On Antarctica’s Ross Island, the group of researchers dig around in the dirt, picking up samples of soil that they can take back and study in much warmer climes. As they carry out their work, though, the team aren’t suffering through the bone-chilling temperatures experienced on most of the continent. Instead, they’re making their way through a series of subterranean caves that are practically balmy – mostly because they lie perilously close to an active volcano. But possibly risking life and limb may turn out to be worth it. When the researchers finally look at their samples, you see, they find something chilling – and enough to potentially upend what we think we know about Antarctica.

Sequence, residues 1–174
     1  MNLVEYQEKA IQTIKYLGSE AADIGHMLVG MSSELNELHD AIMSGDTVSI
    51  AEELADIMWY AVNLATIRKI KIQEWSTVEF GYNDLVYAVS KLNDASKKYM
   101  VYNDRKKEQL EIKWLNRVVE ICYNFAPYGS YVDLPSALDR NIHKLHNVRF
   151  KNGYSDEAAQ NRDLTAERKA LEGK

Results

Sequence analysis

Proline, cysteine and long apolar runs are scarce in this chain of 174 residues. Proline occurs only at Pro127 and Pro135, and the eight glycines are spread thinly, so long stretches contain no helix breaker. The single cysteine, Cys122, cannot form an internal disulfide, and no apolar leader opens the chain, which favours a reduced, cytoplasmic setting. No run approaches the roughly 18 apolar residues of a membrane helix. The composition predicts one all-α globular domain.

Ross Island – where the team of specialists were carrying out their investigation – can be found not far from the shores of the Antarctic area of Victoria Land. And, interestingly, the island is actually a part of the Ross Dependency – a territory that lies under the jurisdiction of New Zealand. But, needless to say, this isolated environment doesn’t share a temperate climate with the Antipodean nation. On average, temperatures there tend to average out at a bitterly cold 1 °F.